The concentrations of growth factors, especially EGF and bFGF, being used in the glioma stem cell media varied considerably among the published groups. The Dirks group used 20 ng/ml EGF, 20 ng/ml bFGF, and 10 ng/ml leukemia inhibitory factor. The Weiss group used 20 ng/ml EGF, 20 ng/ml bFGF, and 2 μg/ml heparan sulfate without leukemia inhibitory factor. However, the Fine group used media with 50 ng/ml EGF and 50 ng/ml bFGF, which doubled the concentration of those factors compared to the other groups. Qian et al. demonstrated that multipotent cortical stem cells have a fate choice that is environmentally directed and that neural stem cells exposed to low concentrations of bFGF (0.1 ng/ml) resulted in differentiation to neurons, while exposure to higher concentrations (1–10 ng/ml) resulted in differentiation to neurons and oligodendrocytes [64]. Therefore, differences in growth factor concentrations may generate different kinds of cells. This highlights the importance of standardizing growth factor concentrations for glioma stem cell culture as well as neural stem cell culture.

The use of antibiotics

The prophylactic use of antibiotics in cell culture is commonly done to eliminate microbial contaminants and the most common contaminants are bacteria, yeast, fungi, and mycoplasma [65]. While mycoplasma may not affect the growth of cells, persistent infection can change the cells genetically and phenotypically [66, 67]. Generally, antibiotics in culture media are included at standard concentrations and are not believed to have toxic effects on the cells, but antibiotics still have the potential to affect cell function. The routine use of antibiotics in culture media is not recommended, because they may select for antibiotic-resistant strains of microorganisms [68]. Cohen et al. had suggested that the routine use of antibiotics in embryonic stem cell (ESC) cultures be avoided, as it might reduce the efficiency of the culture system [69]. Therefore, the use of antibiotics in glioma stem cell culture medium is not suggested. The use of antibiotics may interfere with cells in culture, resulting in unmatched culture conditions and questionable results.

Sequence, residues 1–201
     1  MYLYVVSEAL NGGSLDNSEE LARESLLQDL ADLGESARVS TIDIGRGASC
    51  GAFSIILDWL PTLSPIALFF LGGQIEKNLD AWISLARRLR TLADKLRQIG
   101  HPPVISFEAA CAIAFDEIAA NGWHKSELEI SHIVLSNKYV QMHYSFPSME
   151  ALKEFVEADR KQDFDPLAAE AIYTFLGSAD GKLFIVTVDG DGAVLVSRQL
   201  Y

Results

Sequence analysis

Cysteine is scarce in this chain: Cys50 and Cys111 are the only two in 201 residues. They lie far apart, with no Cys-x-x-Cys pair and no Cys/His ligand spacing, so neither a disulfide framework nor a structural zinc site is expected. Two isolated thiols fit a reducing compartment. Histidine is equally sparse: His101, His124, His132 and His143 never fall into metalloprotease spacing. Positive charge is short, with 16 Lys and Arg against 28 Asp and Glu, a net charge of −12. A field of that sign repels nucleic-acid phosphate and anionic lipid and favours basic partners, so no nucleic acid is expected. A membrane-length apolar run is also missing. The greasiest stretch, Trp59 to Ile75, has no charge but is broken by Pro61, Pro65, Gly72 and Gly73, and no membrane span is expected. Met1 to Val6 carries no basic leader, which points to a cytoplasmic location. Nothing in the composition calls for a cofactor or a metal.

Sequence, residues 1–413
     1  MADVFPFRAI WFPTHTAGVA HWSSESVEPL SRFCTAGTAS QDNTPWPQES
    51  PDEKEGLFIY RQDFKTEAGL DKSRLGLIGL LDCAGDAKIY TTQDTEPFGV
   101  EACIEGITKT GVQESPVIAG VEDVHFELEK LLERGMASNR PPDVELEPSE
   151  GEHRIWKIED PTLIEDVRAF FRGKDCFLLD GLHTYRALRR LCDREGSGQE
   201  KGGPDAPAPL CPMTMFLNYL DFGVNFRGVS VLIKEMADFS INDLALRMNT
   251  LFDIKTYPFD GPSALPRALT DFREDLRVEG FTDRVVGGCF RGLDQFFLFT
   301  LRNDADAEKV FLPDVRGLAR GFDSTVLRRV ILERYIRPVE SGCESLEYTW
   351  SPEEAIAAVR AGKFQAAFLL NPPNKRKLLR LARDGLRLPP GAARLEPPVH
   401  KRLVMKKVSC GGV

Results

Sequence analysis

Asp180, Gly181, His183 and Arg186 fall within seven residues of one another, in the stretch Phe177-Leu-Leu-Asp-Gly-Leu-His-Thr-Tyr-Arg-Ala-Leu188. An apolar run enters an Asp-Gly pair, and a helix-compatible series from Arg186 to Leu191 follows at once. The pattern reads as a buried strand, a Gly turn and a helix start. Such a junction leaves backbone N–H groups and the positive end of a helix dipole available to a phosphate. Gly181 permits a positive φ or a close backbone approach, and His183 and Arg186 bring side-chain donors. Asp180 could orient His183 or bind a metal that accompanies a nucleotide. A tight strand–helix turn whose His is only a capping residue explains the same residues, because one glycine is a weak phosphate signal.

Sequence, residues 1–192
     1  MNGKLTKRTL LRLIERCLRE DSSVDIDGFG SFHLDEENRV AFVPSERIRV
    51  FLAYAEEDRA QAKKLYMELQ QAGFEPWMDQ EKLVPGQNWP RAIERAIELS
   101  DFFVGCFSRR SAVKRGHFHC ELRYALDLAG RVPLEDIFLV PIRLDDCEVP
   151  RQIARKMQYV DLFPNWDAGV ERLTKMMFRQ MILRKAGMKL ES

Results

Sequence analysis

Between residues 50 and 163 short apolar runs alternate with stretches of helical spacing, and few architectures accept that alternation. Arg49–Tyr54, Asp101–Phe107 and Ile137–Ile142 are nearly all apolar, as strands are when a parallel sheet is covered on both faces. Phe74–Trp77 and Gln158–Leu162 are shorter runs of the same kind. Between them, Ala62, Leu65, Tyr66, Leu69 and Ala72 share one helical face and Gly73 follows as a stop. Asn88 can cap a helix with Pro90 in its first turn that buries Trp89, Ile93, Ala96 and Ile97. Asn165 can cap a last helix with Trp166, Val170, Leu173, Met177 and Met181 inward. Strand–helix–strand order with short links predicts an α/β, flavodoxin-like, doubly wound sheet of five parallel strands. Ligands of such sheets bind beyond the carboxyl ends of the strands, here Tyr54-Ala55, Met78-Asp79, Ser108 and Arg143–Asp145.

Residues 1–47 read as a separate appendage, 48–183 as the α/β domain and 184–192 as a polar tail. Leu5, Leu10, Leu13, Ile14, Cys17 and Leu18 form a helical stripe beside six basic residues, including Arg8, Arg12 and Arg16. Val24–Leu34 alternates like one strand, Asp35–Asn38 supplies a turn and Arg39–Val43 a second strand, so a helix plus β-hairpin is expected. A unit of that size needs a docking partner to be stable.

There is a critical need to review the culturing methods, the media, and components used in glioma stem cell culture. In this review, we summarize the most commonly used culture media and their components. We also emphasize the function of each component used in the culture media. In addition, we highlight the necessity of a standardized glioma stem cell culturing system. We propose that a standard glioma stem cell culture media should include neurobasal medium with N2 (Gibco), EGF, bFGF, leukemia inhibitory factor, and heparin to avoid inconsistencies in glioma stem cell research due to technical culture issues.

To avoid discrepancies in glioma stem cell-related research, a standardized glioma stem cell culture procedure is essential. We recommend neurobasal medium as a basal medium instead of DMEM/F-12. The reasons for this recommendation are as follows: Firstly, the neurobasal medium is commercially available, uniform, and ready to be used. Therefore, it can reduce bias due to user variability in making the medium. Secondly, the components in the neurobasal medium are similar to those in DMEM/F-12, even though there are reductions in NaCl, cysteine/cystine, and glutamine. Lastly, the neurobasal media also contains the antioxidants vitamin E, glutathione, pyruvate, catalase, and superoxide dismutase, which help improve glioma cell survival. The addition of neuronal survival factor-1 and N-acetylcysteine is not needed in the culture medium.

In addition to the basal medium, supplements are also important components. The supplement we recommend is Gibco N2, and we do not recommend the addition of B27. Since there are overlapping components in N2 and B27, the overlapped components may affect the results of any downstream assays. In addition, the retinyl acetate and triiodo-l-thyronine in B27 have been reported to promote the differentiation of various precursor cells.